Leftover Roast Chicken Soup

This leftover roast chicken soup recipe is easy as can be. Just toss a chicken carcass in a pot with some aromatics, add water, soy sauce, and apple cider, and forget about it for a while.

A closeup if leftover roast chicken soup with onions, chicken broth, celery, chicken carcass

Christina Tosi refers to this leftover roast chicken soup as “overnight chicken soup” because she dumps a chicken carcass in a pot and then leaves the flame on low and slow overnight. As she explains, “the depth is insane when you roll slow and low, challenging reason and basic safety, leaving a whole carcass, with plenty of meat on it, to simmer overnight.” The result is that you’re able to coax out “every last slurp of flavor into the soup,” says Tosi. “Just cover the bird with water and say ‘night, night.'” adds Tosi. Just like grandma knew how to do. Although you don’t need to check your homeowner’s insurance before making this as you can just as easily let the pot of soup barely burble over low heat during the day when you can cautiously keep watch over it. Either way, the meat turns incredibly tender and there’s no fuss at all. Tastes exactly like something grandma would make. Originally published January 23, 2016.Renee Schettler Rossi

Leftover Roast Chicken Soup

  • Quick Glance
  • 15 M
  • 10 H
  • Serves 6 to 10

Special Equipment: Slow cooker (if following the slow cooker method)

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Ingredients

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  • Roast chicken carcass with some meat attached (on the wings, back, etc.)
  • Any aromatics you desire (you know, the usual stuff including garlic, herbs, onion, carrots, ginger, etc.)
  • 1/4 to 1/2 cup soy sauce (Christina Tosi likes Kikkoman)
  • 1/3 to 2/3 cup apple cider or apple juice
  • 1/4 to 1/2 teaspoon black pepper

Directions

  • 1. To make the Leftover Roast Chicken Soup in your slow cooker, see the Slow Cooker Variation below.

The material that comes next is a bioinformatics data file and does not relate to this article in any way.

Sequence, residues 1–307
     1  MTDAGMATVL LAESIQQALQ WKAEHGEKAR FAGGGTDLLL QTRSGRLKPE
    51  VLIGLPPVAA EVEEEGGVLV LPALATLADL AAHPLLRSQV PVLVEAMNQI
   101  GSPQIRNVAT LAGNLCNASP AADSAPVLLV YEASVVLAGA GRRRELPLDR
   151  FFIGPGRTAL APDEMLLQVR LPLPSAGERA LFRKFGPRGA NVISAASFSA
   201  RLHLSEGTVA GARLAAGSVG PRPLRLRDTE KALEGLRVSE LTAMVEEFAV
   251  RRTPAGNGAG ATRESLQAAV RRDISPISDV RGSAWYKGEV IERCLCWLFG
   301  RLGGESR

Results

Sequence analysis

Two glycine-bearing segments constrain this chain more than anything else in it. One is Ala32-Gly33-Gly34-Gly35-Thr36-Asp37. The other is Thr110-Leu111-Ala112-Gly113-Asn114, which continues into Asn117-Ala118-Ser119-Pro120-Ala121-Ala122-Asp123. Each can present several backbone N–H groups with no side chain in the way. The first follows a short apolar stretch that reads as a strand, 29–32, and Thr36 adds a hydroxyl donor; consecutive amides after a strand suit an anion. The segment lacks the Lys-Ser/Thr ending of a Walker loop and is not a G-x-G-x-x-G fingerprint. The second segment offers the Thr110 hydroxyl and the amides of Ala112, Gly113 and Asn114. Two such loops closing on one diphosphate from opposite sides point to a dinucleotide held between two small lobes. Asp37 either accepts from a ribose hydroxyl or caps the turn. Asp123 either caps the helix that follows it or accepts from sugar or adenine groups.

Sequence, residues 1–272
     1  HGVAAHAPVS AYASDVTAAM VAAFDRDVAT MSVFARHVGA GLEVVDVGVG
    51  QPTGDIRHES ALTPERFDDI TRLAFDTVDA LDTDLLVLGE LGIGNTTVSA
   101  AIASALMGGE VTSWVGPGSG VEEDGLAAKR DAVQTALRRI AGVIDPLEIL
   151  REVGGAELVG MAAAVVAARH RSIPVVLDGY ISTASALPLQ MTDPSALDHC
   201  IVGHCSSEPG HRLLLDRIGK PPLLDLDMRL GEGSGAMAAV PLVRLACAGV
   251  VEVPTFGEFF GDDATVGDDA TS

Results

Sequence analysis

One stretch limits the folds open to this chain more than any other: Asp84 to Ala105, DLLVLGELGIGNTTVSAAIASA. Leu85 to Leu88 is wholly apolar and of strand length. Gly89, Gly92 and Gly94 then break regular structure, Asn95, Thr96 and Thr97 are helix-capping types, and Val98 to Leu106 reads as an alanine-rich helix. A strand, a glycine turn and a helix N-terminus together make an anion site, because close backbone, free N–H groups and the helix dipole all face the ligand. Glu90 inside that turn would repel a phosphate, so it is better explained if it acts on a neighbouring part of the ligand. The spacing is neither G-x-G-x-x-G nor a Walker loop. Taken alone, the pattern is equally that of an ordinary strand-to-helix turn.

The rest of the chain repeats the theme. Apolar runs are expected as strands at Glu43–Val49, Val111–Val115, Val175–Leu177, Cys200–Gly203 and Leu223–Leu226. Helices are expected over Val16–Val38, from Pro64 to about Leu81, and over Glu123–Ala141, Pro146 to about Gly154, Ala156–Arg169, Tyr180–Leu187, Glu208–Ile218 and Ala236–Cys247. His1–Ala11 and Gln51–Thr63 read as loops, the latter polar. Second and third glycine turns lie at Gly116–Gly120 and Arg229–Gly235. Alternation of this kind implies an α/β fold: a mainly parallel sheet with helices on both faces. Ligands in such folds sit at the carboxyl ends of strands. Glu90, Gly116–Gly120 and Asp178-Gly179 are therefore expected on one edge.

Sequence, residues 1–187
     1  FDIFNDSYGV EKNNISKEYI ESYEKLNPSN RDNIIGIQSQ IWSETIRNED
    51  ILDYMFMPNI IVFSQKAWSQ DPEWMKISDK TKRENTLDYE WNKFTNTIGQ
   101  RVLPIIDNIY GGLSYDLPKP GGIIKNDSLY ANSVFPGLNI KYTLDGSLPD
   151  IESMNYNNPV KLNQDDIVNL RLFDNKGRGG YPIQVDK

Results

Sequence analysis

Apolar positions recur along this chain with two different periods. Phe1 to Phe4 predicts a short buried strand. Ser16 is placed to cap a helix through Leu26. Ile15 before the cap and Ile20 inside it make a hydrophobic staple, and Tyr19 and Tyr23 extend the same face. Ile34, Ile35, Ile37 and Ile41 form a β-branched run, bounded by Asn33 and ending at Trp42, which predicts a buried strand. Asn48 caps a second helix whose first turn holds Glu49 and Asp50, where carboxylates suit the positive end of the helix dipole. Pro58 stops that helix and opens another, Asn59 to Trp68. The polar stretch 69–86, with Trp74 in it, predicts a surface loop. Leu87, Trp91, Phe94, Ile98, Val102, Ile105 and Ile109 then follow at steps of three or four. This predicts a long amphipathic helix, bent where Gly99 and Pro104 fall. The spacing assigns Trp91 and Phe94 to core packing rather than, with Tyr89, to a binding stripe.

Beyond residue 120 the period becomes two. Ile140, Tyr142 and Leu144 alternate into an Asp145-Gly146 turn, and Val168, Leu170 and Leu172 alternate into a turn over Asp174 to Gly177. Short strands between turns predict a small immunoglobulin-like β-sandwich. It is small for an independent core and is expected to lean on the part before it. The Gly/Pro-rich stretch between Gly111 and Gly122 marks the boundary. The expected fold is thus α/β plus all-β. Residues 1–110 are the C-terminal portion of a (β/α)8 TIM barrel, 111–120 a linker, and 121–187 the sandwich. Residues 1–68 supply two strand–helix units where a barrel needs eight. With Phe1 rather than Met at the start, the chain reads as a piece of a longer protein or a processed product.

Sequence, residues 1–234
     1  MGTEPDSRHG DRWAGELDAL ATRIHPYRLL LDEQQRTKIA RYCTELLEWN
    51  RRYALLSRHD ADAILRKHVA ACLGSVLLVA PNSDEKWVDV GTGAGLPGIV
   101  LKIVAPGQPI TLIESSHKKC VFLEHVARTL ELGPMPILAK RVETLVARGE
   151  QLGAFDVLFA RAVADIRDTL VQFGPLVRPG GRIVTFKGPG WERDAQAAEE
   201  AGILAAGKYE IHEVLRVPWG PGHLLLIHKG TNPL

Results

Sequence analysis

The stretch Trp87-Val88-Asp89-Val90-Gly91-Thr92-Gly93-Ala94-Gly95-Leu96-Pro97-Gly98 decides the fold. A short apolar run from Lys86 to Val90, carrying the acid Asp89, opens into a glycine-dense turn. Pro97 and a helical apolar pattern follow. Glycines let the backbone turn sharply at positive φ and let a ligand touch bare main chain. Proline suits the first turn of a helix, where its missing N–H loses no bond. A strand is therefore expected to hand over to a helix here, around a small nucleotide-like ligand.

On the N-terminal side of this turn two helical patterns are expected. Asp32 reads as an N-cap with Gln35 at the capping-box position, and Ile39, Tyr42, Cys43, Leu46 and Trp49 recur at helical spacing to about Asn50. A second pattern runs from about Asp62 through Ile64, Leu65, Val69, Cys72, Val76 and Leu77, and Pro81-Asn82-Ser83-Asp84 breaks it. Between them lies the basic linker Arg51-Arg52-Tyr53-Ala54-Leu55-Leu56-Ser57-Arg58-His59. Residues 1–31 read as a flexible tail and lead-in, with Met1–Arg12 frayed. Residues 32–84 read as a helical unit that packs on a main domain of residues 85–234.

To make the Leftover Roast Chicken Soup on your stovetop, combine the chicken carcass and any residual meat and desired aromatics in a large stock pot (5- to 8-quart capacity) and fill the pot with water so the chicken is fully submerged. Set over the lowest of low heat, lid that puppy 3/4 of the way so the water can evaporate a little bit but not too much, and leave it for at least 6 hours, skimming any scum that accumulates on the surface of the stock but leaving any puddles of fat. [Editor’s Note: Christina Tosi leaves the stock simmering overnight. You may or may not wish to do the same. We guess it depends on your level of risk taking and whether your homeowner’s insurance is up to date.]
  • 2. Remove the pot from the heat. Your kitchen smells amazing, right? Strain the liquid from the chicken into another large pot and let the solids rest in the strainer. Walk away for a little while. Brush your teeth. Brush your hair. The chicken should be cool enough to handle at this point.
  • 3. Using your hands, separate the chicken meat from the bones, aromatics, and gelatin. Don’t be grossed out—put your best farm girl face on, roll up your sleeves, and get to work. This should yield 2 to 3 cups light and dark meat, depending on how much chicken you ate the night before. Toss the bones and stuff in the trash. Add the shredded chicken to the pot with the broth. (You can cover and refrigerate the soup until dinnertime.)
  • 4. Bring the soup to a gentle simmer. If you want, you can clean out your fridge by throwing in a handful of baby carrots, chopped onion, Brussels sprouts, spinach, or whatever else you’ve got languishing in your vegetable bin. It’ll taste awesome. Simmer until the soup is warmed through and any vegetables are tender.
  • 5. Stir in the soy sauce, apple cider, and black pepper to taste and ladle into bowls.

Leftover Roast Chicken Soup Variations

  • Slow Cooker Leftover Roast Chicken Soup
  • Toss your roast chicken carcass and desired aromatics (that means vegetables or herbs) in your slow cooker and cook on slow for 8 hours or overnight. (Trust us, the only thing better than the smell of coffee in the morning is the aroma of chicken soup.) Continue with step 3 in the instructions above. Easy just got even easier.
  • Leftover Roast Chicken Soup with Carbs
  • If you like rice or pasta, cook some up in a separate pot, stealing some of the broth from the soup pot to use as your cooking liquid.
  • Egg Drop Soup With Leftover Roast Chicken
  • Lightly whisk 3 eggs to combine. Stir the finished soup in a clockwise direction and, while still stirring, pour in the eggs in a slow, steady stream. Continue to stir for 1 to 2 minutes, until egg ribbons form. Ladle into bowls and garnish with thinly sliced scallions if you’ve got ’em.

Recipe Testers Reviews

I think this leftover roast chicken soup kicks some serious butt! For reasons that will soon become obvious, the hands-on time took no more time than it takes to cut fresh basil, rosemary, and lemon thyme from my garden, chop some carrots and onions, and, of course, toss it all in the pot. I shaved a few hours off the process by tooling into my local Publix and scooping up one of their gorgeous rotisserie chickens. (Laziness and ingenuity go hand in hand.)